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OK, maybe I'm just having an off day. This seems like something a lot of people must be asking, but Google is failing me horribly. The closest thing I found was this which doesn't exactly address this issue.

At work I run Arch on my desktop (which is python 3 by default), and Debian Lenny on my company's servers (which is python 2.5). I want to write a single python script that will work in both python 2 and 3. It's a very simple script, not much to it (mostly it just calls off to git using subprocess). Everything already works in both versions of python EXCEPT for the damned print statements.

Everyone out there seems to suggest the from __future__ import print_function trick. However this was introduced in python 2.6, and I'm stuck with 2.5.

So what are my options? How can I call print in both 2.5 and 3 using the same script? I was thinking maybe some kind of wrapper function, but this might not be the most "pythonic" way of doing things. Your thoughts? And no, upgrading the server to 2.6 isn't an option.


share|improve this question
The real solution is to use either Python 3 or Python 2 in both places. Arch may have turned /usr/bin/python into Python 3, breaking all of these kinds of uses, but at least it still has Python 2 as python2 and python2.x (for now, anyway.) – Thomas Wouters Jun 15 '11 at 17:04
OK, then maybe a side question: how do I specify that I want python 2.x to run as the interpreter? This script gets called by a lot of things (non-interactively) so just running it as python2 scriptname isn't an option. – Chris Jun 15 '11 at 17:07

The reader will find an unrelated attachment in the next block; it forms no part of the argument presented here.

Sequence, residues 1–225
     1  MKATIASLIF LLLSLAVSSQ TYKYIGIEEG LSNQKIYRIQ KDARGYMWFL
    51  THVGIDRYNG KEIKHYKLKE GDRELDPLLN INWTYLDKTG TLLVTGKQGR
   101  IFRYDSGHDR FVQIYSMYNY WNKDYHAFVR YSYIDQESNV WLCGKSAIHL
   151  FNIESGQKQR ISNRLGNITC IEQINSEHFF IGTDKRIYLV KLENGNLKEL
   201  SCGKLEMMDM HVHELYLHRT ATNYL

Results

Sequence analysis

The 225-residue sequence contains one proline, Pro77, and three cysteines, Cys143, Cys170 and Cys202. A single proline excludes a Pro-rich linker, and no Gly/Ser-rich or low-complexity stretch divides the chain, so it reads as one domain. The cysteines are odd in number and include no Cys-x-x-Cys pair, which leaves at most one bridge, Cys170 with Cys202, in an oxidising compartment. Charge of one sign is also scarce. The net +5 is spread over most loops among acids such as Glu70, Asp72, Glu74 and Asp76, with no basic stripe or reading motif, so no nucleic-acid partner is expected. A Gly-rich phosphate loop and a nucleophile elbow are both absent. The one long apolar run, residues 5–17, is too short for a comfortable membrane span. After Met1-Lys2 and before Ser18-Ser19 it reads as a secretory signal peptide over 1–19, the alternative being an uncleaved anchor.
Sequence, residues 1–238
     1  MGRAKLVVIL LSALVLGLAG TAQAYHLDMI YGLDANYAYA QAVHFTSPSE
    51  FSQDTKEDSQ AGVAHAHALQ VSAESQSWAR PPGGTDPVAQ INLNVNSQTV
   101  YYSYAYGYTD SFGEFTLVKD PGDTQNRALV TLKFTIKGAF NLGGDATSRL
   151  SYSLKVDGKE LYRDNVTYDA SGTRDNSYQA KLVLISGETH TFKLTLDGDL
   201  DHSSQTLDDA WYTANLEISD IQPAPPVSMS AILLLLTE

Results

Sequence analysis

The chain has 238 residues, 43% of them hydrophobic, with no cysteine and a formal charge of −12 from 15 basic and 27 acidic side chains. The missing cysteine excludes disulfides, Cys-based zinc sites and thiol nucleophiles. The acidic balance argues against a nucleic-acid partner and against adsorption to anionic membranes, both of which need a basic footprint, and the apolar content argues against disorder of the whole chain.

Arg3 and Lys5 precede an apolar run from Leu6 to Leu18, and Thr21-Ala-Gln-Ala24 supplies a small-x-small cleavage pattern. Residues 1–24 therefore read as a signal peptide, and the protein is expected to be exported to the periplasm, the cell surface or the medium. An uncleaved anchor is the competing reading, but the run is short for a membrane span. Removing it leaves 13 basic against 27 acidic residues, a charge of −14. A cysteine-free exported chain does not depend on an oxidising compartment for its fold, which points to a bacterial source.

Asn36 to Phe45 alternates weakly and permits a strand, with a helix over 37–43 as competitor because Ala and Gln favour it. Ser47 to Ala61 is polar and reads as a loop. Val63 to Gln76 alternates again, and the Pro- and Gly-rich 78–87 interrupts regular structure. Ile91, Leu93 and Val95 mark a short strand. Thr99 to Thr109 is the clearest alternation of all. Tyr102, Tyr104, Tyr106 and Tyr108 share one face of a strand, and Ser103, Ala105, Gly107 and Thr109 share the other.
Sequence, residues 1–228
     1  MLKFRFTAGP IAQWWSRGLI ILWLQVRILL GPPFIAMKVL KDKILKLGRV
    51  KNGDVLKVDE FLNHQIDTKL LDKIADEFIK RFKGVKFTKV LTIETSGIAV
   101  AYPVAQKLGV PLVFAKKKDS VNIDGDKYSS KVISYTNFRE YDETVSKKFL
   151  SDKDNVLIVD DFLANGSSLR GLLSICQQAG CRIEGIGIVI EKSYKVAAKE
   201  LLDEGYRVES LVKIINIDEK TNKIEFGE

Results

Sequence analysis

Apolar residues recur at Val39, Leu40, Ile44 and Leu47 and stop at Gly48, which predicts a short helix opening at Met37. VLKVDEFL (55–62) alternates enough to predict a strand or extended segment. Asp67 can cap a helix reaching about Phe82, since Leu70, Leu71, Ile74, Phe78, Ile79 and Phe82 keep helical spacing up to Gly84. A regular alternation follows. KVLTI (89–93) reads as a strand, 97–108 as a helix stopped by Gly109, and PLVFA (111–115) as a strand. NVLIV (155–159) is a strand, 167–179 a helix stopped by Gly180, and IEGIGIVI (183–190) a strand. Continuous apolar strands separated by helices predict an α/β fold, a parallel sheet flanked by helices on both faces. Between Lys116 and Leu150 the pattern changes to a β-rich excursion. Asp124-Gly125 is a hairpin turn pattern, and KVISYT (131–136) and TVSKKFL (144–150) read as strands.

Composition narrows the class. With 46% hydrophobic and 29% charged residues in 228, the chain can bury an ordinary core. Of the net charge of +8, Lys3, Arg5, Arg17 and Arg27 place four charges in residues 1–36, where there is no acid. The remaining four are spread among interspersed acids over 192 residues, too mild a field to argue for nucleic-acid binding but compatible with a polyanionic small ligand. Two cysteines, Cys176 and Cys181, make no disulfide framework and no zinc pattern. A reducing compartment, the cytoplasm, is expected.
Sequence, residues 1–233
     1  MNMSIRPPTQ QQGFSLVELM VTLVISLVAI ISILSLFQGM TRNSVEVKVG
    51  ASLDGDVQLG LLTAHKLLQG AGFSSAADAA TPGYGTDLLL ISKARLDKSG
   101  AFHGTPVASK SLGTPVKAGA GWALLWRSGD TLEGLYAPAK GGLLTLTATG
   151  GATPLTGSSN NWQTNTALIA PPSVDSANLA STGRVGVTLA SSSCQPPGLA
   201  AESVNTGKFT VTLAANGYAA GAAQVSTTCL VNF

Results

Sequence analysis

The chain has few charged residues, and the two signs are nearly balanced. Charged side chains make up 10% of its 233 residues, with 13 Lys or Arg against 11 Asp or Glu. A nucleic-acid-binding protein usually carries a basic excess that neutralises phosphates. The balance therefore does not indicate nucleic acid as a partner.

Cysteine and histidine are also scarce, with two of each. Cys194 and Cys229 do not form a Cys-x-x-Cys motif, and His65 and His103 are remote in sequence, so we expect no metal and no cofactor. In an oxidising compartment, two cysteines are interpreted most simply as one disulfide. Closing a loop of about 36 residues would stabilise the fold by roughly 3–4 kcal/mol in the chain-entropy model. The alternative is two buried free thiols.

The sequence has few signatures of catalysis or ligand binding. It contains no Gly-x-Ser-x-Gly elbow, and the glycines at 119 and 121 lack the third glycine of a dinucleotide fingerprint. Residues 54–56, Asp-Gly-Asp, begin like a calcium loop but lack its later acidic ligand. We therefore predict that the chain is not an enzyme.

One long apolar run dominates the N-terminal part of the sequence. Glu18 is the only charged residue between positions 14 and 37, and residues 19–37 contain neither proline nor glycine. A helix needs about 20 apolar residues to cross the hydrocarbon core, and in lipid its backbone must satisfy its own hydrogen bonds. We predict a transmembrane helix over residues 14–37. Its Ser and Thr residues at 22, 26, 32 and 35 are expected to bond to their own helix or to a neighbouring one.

Great answers everyone, thank you. – Chris Jun 15 '11 at 17:09
The usual way: the shebang line. Find a canonical name that works on both systems (you may have to add a 'python2' symlink to the server, to point to the newest Python 2.x installation) and then make that the shebang line. – Thomas Wouters Jun 15 '11 at 17:09
@Thomas: if I use the shebang line, I can either run /usr/bin/env python2 (on Arch) which basically ensures that the script won't work anywhere else, OR /usr/bin/env python which works everywhere, but I can't determine which version of python is being invoked. – Chris Jun 15 '11 at 17:13
up vote 4 down vote accepted

print("hi") works on both py 2 and 3 without from __future__ in py 2.5

alternatively, although not recommended:

import sys
share|improve this answer
That's because ("hi") is treated as "hi". Try print("Hi", "there"), or even print("hi",) – Chris Jun 15 '11 at 16:58
yeah exactly. It's just a set of brackets, or a tuple. – Pwnna Jun 15 '11 at 16:58
OK, the point being that in my old script it does things like, print "value is", val. If I try this using your method I get ("value is", 3) when I wanted value is 3. – Chris Jun 15 '11 at 17:00
However I do like your suggestion to use sys.stdout.write. That may just be good enough for this task. – Chris Jun 15 '11 at 17:01
As a suggestion, clarify in the your answer that print("hi") is not actually the function print, rather a hack. It may sound obvious to many but I think it may lead to some confusion. – Trufa Jun 15 '11 at 17:55

Why don't you just use the logging framework? It mitigates your issue, and is much better than print statements littered throughout the code.

share|improve this answer
Good suggestion, probably overkill for my needs though. – Chris Jun 15 '11 at 17:17
To be fair, it's about 4 lines of setup code. – sdolan Jun 15 '11 at 17:38
Which in a 40 line script would be a 10% increase ;) – Chris Jun 15 '11 at 18:13

This works for me:

import sys
if sys.version_info[0] == 2:
    def print_(*args):
        w = sys.stdout.write
        w( ', '.join(str(a) for a in args) )
        w( '\n' )
    print_ = getattr(__builtins__, 'print')

If you need the full featured print functionality, you're better off using the print_ from six. In this case,

from six import print_
// replace all "print ..." by "print_(...)"
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